Transgender youth, adolescents, and adults have unique health care needs as well as important concerns about access, discrimination, and quality of care. Although transgender individuals in metropolitan areas where there are large lesbian, gay, bisexual, and transgender (LGBT) populations sometimes have access to clinics where the providers specialize in working with sexual and gender minorities, those who live in smaller urban and rural areas are likely to lack access to informed care23. They may also experience discrimination1,13 and receive health care that is of poor quality9. Poor quality health care includes both being coerced into receiving services that are inappropriate and failing to receive necessary and appropriate services due to provider ignorance or inaction.
The problems that transgender patients experience with healthcare can largely be attributed to either bias or ignorance. Although bias is the more difficult issue to deal with, as to be handled effectively perceptions of transgender individuals and their rights have to be addressed across the social and political spectrum, professional ignorance about the healthcare needs of transgender individuals may be both more problematic and more pervasive. Several studies have assessed medical and nursing students ability to care for LGBT patients and found them lacking14,18. A study that examined the curricula of all allopathic and osteopathic medical colleges in the United States found that 70 percent of programs rated their coverage of LGBT health issues as “fair, poor, or very poor.”21. The median number of hours dedicated to teaching about LGBT clinical issues was five; however, a significant fraction of schools provided no training at all in LGBT health during either the pre-clinical or clinical phases of training12. Furthermore, even those schools that did provide some training in LGBT health issues often did a particularly poor job of addressing transgender health.
Professional bias, however, is also a concern. Although doctors, nurses, and behavioral health providers are supposed to provide the best possible care for all of their patients, that is difficult when they are unable to address one or more facets of the individual’s experience, for example when they lack comfort in dealing with sexual orientation or gender identity issues3,6. Despite the fact that there has been a growing movement towards including cultural competence training in professional curricula, medical schools still need to do a better job of directly addressing sexual and gender diversity issues with their students and staff instead of bundling them under the umbrella topic of diversity3.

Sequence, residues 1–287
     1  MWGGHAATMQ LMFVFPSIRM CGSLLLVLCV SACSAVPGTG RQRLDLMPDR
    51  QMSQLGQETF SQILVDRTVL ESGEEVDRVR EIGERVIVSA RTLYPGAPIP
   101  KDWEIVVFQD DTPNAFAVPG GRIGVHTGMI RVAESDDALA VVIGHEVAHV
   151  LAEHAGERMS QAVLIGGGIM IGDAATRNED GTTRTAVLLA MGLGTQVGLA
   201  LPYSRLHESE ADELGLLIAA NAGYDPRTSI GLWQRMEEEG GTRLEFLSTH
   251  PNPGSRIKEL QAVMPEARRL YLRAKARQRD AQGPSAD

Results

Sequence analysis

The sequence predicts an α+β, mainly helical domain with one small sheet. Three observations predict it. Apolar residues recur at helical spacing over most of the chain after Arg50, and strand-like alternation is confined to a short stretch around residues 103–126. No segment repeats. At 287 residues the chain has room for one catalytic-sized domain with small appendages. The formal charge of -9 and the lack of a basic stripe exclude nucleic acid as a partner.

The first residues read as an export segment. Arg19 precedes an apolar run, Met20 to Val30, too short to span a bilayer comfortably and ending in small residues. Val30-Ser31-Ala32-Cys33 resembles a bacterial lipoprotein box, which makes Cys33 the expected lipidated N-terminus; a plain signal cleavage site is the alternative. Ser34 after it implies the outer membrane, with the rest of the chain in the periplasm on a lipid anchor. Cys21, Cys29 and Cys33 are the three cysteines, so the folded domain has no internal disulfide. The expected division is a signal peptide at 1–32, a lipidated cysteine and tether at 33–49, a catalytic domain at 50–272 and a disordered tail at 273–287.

The Transgender Patient Perspective
The theory of stigma suggests that one reason that transgender individuals receive poor quality health care is that the stigma and discrimination they face in their everyday lives may make them reluctant to access health care services, which are by nature highly personal and potentially stigmatizing13. However, early healthcare experiences with stigma may also contribute to transgender patients’ reluctance to engage with traditional healthcare settings across the lifespan. Many transgender individuals report negative experiences with providers who are ignorant, discriminatory, or both7,9,13.
A number of different kinds of stigmatizing behavior are common in healthcare settings. One large study examining transgender patients’ perceptions of stigma identified six general types of such behavior. These included verbal harassment, insensitivity to patients’ gender identity, displays of discomfort by the provider, denial of services, forced services, and overall substandard care. For example, insensitivity to gender might include refusing to use a patient’s preferred pronoun or giving a male identified patient a pink, floral hospital gown. Forced care might take the form of a doctor insisting that a person with a cross-gender identity is mentally ill and committing them to inpatient psychiatric care. Denial of services might involve a provider’s refusal to provide appropriate cross-gender hormones, but it could also involve a total unwillingness to treat transgender patients9. It is understandable that such experiences could make patients feel unsafe and decrease their engagement with the healthcare system, supporting a role of stigma in reducing access and utilization.
Another study, examining barriers to care in New York City, found that a number of factors affected transgender patients’ healthcare utilization, of which stigma was only one. Other factors included the high price of medical care, lack of access to specialists, and the fact that there were relatively few providers who were both friendly to transgender patients and knowledgeable about their health needs. This was true despite the fact that New York City has several clinics specializing in the care of LGBT individuals, and as such should theoretically be a relatively easy place to find informed, non-stigmatizing care19.